Не приведи Бог видеть русский бунт, бессмысленный и беспощадный! (Alexander Pushkin, “The Captain’s Daughter”)

Dear Readers:

Welcome back to my review of this piece, along with related material from the Russian wiki. Yesterday we dived in medias res, to the actual murder (or was it an accident? or possibly a suicide?) of eight-year-old Dmitry Ivanovich.

The famous quote, above, by Pushkin, translates as “May God preserve us from ever seeing a Russian riot, thoughtless and pitiless!”  The Russian word бунт (“bunt”, a borrowing from the German “Bund”) denotes a politicized mob action that arises spontaneously and develops in an unorganized fashion, with or without leadership.  It is directed against authority and hence can also be translated as “mutiny”.  In the context, Pushkin was talking about the violent predations of the Don Cossack rebel Yemelyan Pugachev, who ravaged the countryside during the reign of Catherine the Great.  In his spare time Pugachev pretended to be Peter III.  Thus also continuing the noble old Russian tradition of the само-званец, literally the “self-called one”, the “Pretender”, sometimes also translated as “Imposter”.  And poor Old Tsar Vasily IV (Shuisky) could tell us a thing or two about Pretenders:  During his brief reign there was such a glut of самозванцы running around that an honest murderer could not stand on Red Square and swing a dead cat , without hitting one of them.

To be a successful False Dmitry you must be a strapping young buck with a Polish girlfriend!

What started this unfortunate plague of False Dmitries?  Yesterday we saw how the Russian town of Uglich was infected by the spirit of mutiny on that fateful day 15 May 1591.  When the good townsfolk disobeyed the explicit orders of the Tsar’s appointed Governor Mikhail Bityagovsky, who ordered them to (1) stop ringing the church bell, (2) stop pelting him with rocks, and (3) stop ripping him apart limb from limb.

As with all Russian riots/mutinies, whenever they try to buck Authority, Authority always win.  With a heavy price to pay in terms of retributions and punishments.  But, again like always with Russian bunts, there is a type of karma at the end of the day.  The powerful boyar who was sent to punish the people (and the Bell), Vasily Shuisky, ended his life as a prisoner of the Poles and died near Warsaw in 1612.  That was his karmic punishment for lashing the Uglich Bell and ripping out its clapper!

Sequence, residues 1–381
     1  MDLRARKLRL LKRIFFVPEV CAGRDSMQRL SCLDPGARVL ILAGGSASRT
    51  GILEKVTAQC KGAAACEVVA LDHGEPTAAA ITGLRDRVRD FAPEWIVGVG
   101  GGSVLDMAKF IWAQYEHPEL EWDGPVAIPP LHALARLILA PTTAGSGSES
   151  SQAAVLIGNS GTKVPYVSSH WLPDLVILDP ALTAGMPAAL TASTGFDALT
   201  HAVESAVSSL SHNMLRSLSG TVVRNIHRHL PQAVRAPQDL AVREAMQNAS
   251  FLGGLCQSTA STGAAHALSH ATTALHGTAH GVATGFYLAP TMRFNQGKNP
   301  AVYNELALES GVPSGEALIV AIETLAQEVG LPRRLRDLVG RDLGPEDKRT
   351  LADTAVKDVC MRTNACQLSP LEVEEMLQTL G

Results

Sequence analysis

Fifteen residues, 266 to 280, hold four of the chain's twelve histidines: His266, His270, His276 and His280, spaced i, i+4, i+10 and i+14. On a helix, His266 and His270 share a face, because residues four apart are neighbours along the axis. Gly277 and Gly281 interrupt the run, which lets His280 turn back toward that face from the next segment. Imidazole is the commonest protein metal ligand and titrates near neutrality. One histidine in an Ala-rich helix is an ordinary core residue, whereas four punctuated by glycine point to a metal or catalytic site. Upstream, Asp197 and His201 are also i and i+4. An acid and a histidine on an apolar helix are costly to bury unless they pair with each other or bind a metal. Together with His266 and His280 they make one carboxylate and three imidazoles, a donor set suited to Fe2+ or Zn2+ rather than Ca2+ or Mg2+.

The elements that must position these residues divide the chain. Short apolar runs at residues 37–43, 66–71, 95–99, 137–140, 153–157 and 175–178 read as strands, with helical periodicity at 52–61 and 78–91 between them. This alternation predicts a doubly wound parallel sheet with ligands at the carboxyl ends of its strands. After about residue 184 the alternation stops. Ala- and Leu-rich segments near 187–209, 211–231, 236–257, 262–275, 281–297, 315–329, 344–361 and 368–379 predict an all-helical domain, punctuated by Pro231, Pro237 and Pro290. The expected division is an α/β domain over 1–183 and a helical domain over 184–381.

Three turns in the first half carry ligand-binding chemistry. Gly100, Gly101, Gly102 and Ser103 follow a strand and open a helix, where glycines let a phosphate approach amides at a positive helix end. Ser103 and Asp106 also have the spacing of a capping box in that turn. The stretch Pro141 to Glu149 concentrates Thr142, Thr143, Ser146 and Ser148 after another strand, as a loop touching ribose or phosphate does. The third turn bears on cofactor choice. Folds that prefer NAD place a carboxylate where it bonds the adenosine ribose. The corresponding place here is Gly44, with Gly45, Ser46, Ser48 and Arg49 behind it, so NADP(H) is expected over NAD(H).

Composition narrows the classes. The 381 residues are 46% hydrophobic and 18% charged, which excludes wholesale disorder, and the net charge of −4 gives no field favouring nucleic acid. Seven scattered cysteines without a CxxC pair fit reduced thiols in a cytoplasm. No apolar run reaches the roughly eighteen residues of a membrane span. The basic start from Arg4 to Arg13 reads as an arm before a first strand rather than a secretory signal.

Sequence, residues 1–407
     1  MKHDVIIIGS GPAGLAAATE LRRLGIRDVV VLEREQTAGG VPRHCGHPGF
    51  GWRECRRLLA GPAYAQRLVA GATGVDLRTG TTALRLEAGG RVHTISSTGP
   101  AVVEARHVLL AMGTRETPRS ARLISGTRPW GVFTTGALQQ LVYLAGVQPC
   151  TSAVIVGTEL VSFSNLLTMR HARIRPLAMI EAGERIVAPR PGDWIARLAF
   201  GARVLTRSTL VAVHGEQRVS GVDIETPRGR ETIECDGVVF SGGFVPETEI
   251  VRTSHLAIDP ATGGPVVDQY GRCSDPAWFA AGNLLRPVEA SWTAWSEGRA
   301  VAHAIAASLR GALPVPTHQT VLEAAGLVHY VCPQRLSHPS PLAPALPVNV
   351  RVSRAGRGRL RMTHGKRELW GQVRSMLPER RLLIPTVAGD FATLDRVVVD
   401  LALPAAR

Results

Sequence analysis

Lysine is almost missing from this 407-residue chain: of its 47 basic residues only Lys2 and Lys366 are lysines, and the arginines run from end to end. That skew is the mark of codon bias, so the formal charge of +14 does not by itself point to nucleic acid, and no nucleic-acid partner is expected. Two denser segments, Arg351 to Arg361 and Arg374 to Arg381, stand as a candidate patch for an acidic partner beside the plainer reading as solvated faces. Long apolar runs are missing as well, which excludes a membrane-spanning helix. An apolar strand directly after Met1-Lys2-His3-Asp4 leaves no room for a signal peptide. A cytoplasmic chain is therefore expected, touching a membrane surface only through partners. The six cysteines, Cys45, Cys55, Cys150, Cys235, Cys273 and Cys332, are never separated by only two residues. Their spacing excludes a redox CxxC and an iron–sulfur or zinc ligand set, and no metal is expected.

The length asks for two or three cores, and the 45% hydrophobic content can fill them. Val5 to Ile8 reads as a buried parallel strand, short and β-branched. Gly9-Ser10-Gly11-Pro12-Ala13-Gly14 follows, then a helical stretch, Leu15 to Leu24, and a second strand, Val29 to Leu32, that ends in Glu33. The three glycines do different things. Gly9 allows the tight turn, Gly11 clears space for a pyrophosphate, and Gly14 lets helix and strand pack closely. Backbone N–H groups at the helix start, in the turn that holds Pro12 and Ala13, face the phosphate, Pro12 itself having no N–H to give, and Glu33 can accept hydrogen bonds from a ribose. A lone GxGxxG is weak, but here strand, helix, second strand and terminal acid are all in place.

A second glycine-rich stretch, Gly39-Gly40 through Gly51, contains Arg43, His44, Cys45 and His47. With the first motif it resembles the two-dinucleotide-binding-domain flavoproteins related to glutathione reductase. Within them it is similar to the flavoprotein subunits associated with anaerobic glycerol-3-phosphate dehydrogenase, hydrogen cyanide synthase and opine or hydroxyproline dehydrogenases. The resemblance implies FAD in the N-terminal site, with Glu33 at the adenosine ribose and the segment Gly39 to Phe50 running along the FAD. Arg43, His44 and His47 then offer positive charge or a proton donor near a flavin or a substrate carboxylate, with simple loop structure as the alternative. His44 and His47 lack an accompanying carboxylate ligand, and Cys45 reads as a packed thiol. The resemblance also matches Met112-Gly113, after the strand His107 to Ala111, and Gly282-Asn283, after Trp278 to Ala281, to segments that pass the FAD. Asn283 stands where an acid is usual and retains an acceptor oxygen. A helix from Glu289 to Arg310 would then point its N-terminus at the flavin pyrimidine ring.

Tsar Basil IV (Shuisky)

To be sure, Shuisky claimed, at the time, to have conducted a fair and impartial investigation of the Uglich riot and the unfortunate event that preceded it.  That event being the death of a sweet young child.  Shuisky’s expert forensic assessment was that Dmitry, allegedly an epileptic, had accidentally stabbed himself in the throat with his own knife (which was never found!)  Dmitry’s Idiot older brother Fedor Ivanovich was still Tsar in Moscow, but the real power behind the throne, as everybody knew, was Boris Godunov, Fedor’s brother-in-law.

In 1605 Boris decided “the heck with it, I’m tired of being the puppet-master,” and he ascended the throne, rudely pushing his brother-in-law aside.  Upon which a horrified Shuisky (“That was never supposed to happen!”) recanted his own deeds and statements of 14 years earlier.  By now the sweet and frail Tsarevich Dmitry had time to grow into a strapping 22- or 23-year old Pretender.  Shuisky changed his tune and went over to the Pretender’s side.  He recanted his earlier sworn testimony:  See, turns out that Dmitry Ivanovich had somehow miraculously escaped from those nasty assassins sent by Bityagovsky, he had gone into hiding and now was all grown up into this handsome young buck, here he is in the flesh, standing right in front of you, the good people of Rus!